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HP looks to former Acer, Lenovo boss to run PPS

Alex Scroxton

One time Acer UK managing director Dion Weisler has been tapped by his paymasters HP to take charge of the troublesome Printing and Personal Systems business unit as Todd Bradley moves to China in the newly-created role of EVP, strategic growth initiatives.

Weisler first pitched up at HP in December 2011 and has been running its PC business in APAC and Japan for the past 18 months.

Prior to that he served as Lenovo’s COO of Product and Mobile Internet Digital Home Groups, and between 1987 and 2001 held various senior roles at Acer.

He will report directly to Meg Whitman and also gets a seat on HP’s executive council.

Whitman, who has been heavily focused on trying to turn around the struggling company she inherited, said: “Dion is one of our very best executives and his background is perfect given the challenges we face in the marketplace.

“Todd has left Dion a great legacy to build on. Today’s announcement is about putting our best qualified leaders into roles focused on restarting HP’s growth. HP is extremely fortunate to have a strong bench to draw on as we rebuild and restore the company,” she said.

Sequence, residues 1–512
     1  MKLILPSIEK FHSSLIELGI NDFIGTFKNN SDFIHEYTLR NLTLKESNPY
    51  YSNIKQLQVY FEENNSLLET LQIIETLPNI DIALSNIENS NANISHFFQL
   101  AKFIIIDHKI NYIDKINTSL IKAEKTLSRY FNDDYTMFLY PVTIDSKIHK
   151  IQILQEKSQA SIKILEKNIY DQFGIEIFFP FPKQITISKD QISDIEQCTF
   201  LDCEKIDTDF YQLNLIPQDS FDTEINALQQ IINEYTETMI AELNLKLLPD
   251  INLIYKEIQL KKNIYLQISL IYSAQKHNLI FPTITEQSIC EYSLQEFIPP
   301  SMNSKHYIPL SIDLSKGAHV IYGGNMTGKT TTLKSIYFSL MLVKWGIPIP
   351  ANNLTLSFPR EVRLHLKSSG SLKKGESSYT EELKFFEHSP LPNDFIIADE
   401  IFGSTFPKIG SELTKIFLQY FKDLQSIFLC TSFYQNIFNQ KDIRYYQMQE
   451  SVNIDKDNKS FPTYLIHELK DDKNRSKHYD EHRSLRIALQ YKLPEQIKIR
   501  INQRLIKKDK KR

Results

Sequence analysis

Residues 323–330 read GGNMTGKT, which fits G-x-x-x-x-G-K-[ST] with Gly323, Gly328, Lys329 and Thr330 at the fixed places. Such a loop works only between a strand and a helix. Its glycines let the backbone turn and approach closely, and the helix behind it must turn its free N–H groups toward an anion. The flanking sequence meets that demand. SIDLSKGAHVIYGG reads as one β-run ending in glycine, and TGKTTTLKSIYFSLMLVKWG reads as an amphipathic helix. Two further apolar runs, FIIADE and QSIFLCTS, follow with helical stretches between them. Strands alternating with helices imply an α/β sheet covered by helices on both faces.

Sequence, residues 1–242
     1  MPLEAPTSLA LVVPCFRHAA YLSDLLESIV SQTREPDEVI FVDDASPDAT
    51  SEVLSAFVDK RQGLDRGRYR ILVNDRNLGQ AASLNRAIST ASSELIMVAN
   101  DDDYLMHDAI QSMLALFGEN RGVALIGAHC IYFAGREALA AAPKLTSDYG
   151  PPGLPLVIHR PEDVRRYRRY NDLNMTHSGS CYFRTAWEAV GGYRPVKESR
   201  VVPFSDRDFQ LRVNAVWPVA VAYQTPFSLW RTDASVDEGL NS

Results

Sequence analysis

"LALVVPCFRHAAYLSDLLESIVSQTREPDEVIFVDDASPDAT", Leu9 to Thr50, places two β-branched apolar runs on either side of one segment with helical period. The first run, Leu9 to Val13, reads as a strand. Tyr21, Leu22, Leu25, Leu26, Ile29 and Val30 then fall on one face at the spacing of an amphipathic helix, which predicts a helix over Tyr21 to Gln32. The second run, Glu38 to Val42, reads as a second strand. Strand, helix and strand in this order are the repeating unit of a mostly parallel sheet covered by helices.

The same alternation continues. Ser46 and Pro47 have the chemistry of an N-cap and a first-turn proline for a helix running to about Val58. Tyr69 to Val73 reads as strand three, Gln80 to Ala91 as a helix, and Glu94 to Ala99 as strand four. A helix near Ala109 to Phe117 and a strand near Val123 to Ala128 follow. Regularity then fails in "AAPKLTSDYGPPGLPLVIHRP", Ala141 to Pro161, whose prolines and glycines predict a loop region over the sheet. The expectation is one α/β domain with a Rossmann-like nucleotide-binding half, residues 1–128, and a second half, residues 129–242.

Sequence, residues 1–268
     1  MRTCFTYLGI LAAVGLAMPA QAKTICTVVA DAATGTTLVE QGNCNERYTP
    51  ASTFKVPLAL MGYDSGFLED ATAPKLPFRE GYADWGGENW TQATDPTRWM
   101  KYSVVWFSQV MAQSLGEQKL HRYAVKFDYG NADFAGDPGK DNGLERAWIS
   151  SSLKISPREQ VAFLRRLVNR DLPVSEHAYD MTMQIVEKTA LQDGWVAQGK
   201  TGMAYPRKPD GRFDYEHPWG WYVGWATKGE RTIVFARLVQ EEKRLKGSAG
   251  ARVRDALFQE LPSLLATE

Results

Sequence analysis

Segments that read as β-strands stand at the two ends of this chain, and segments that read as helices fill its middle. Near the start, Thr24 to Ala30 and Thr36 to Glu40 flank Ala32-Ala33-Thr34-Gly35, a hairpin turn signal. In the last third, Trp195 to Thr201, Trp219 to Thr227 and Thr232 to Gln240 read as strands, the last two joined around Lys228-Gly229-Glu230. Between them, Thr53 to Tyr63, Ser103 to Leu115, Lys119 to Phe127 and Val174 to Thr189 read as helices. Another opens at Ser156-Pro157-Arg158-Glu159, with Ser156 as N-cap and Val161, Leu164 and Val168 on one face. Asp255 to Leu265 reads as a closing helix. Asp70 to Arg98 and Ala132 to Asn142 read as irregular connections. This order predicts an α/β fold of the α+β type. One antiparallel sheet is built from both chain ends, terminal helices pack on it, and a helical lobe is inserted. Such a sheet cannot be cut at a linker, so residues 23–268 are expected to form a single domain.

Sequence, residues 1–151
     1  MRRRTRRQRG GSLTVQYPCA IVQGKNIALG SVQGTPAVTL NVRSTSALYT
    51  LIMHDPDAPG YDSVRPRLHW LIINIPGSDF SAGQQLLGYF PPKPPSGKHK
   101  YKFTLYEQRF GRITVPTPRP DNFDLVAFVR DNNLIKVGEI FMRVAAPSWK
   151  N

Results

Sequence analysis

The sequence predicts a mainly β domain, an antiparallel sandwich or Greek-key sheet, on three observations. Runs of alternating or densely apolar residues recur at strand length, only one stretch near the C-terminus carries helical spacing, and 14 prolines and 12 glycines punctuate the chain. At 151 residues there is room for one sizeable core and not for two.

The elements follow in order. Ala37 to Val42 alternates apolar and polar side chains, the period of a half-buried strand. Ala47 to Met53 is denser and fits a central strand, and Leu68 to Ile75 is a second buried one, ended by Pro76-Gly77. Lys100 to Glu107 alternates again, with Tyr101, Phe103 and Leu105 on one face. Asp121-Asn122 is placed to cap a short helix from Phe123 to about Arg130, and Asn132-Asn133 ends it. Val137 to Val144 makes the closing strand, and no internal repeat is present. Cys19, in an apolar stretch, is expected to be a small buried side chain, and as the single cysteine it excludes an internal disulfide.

Formerly CEO at Palm before moving to HP eight years ago, Bradley was at one point touted as a potential successor to Mark Hurd after he quit under a cloud of sexual harassment allegations in 2010.

More recently – along with Hurd – he was touted as a leadership candidate for Dell, should billionaire investor Carl Icahn succeed in taking control of the company.

His new job, which will also see him take charge of extending strategic channel relationships on a global scale, has been described as a “lateral move” by HP insiders. However not every observer has taken it as a positive step.

In widely reported remarks ISI Group analyst Brian Marshall said Bradley had gone from “running half of HP to looking at lots of little companies” and said it seemed, if anything, like a demotion.

In a research note, Trip Chowdhry of Global Equities Research was even more candid, saying Bradley had made a series of strategic blunders, particularly with regard to HP’s complete failure to capitalise on the growth of tablet computing, and should have walked the plank some time ago.


Image credit: Michael Blann


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